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May 3rd, 2011 - Vernon McKown

Expert Q&A: Construction

A quick chat about LEED and energy-efficient homes


Vernon McKown
Co-owner, Ideal Homes

Is it worth it to build LEED-certified homes?

VM: The short answer is “no,” but as with many short answers, there’s more to the story. Let me tell you why Ideal does not build LEED-certified homes.

Our company built the nation’s first residential LEED-certified home, and we were involved with developing the LEED criteria. We found the results from our LEED test project to be similar to findings from building other concept homes, such as the American Lung Association Health House, the Zero Energy Home and the NAHB Gold Certified Green Home. When we tested these advanced building concepts, we got a firsthand look at how they work, and we learned something from every one of them.

When you look at the big picture, we’ve found that the concept houses are more expensive than our market will bear. For example, certifying a green home adds more than $10,000 to the cost of the home. That just doesn’t make sense for young families buying their first or second home.

While you can spend a lot of money and build homes that are 100% green, only a few buyers can afford them. From our work with test homes, we learned that strategic upgrades will improve energy efficiency by about 40% and still keep the home at a price point that most buyers can afford.

If certification is not the best route to energy efficiency, what is?

VM: We look for strategies that pay back in five years or less. In today’s mortgage market, it costs about $5 a month for every $1,000 added to the loan. Let’s say we spend an additional $3,000 to make a home energy-efficient, costing the customer $15 a month.

These upgrades save from $60 to $100 a month on heating and cooling costs, depending on the size of the house. That leaves every customer with a net gain of $45 to $85 a month, a payoff that continues year after year. Our customers think that’s a great deal.

“When you look at the big picture, we’ve found that the concept houses are more expensive than our market will bear.”

What upgrades make a home more energy-efficient?

VM: The big opportunity is in heating and cooling, since that is the largest cost. We believe the smartest approach focuses on whole-system design, understanding all the variables and ensuring that everything is installed correctly.

•Ducts: Sealing ducts gets the best performance out of the system, and you won’t need as much tonnage in your air conditioning.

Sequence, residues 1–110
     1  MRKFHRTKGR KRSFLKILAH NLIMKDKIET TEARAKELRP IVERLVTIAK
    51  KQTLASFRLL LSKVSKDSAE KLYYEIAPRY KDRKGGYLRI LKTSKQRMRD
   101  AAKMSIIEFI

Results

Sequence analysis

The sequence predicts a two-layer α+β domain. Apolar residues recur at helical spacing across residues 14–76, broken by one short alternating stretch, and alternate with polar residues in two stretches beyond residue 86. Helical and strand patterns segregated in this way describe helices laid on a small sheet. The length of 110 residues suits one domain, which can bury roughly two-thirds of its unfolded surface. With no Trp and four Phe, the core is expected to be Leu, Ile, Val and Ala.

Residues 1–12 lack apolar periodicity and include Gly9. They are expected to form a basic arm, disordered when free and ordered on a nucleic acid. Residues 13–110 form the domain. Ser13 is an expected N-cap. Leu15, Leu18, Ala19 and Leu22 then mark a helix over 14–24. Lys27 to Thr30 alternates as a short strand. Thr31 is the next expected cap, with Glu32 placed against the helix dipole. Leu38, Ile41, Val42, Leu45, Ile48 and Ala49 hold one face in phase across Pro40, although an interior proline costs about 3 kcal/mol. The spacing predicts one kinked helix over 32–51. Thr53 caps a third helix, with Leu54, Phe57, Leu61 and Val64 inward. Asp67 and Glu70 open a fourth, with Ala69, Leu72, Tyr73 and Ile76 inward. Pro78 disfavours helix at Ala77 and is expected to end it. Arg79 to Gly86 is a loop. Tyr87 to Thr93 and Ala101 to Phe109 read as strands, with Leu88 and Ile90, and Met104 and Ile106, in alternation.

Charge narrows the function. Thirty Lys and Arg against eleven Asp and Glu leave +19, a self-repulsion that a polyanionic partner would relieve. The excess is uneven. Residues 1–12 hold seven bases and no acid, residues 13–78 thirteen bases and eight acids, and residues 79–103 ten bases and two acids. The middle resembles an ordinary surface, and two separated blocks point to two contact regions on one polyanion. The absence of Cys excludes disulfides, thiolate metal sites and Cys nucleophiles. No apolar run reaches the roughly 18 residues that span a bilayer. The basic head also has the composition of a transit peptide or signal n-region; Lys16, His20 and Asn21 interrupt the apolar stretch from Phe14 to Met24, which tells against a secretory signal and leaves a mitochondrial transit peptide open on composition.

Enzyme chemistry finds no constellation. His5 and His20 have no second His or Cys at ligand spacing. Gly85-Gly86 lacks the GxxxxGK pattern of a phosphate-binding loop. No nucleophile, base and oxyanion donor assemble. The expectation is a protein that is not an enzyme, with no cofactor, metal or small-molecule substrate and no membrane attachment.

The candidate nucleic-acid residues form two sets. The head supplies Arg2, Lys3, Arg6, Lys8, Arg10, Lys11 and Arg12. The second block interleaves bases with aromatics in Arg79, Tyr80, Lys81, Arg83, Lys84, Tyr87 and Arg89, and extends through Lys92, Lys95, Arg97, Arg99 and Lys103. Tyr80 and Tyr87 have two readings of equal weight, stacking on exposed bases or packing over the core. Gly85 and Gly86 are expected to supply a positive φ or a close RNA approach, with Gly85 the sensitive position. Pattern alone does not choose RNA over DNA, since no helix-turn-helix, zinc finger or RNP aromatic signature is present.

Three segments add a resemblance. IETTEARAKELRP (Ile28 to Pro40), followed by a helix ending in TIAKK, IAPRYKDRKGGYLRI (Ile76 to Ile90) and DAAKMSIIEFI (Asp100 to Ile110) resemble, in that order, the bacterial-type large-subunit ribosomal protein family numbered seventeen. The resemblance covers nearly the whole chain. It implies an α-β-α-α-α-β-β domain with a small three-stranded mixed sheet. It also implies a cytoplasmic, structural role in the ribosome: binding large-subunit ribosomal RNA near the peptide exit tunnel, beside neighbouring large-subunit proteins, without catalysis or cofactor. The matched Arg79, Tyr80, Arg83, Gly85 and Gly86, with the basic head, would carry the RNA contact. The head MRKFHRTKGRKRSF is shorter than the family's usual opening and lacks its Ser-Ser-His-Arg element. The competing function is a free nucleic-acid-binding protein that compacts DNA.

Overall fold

•Windows: Low-e windows reduce solar heat gain by 50%, and less heat gain means less air conditioning tonnage required. Upgrade windows for a few hundred dollars and lower air conditioning requirements by a half ton.

•Insulation: It’s relatively inexpensive to upgrade from one R-level to the next, but it has to be installed correctly to ensure the best performance.

•Heating and cooling equipment: Now that the variables are taken care of, it’s easy to right-size equipment, then upgrade the caliber of the equipment one or two levels and see a three- to five-year payback.

•Fresh air: With the ducts sealed, insulation working correctly and upgraded windows, the house has to have fresh air in order to work as a system.

That sounds pretty straightforward. Why don’t all builders do it?

VM: I mentioned the importance of correct installation. I can’t overemphasize how important that is. Everything we do is based on creating detailed instructions for how we want things done and our expectations for how the finished product will work.

We expect the work to be done correctly, and we supervise carefully to make sure it happens.

How do people know what to look for?

VM: That’s a great question. People spend more time researching their computer or TV purchases than on learning about buying a house, because we, as builders, haven’t taught them the right way to buy.

It’s our job to tell them about performance and energy efficiency, to help them understand that all homes are not built the same, and that high-performance homes can deliver thousands of dollars in savings.

It’s not easy because people have a hard time appreciating what they can’t see, and most of the upgrades we’ve discussed are “behind the walls.” But people are really looking for a home that’s efficient to operate and durable. So we build them a quality home that’s 40% more efficient than a home built to code that saves them money on their heating and cooling costs.

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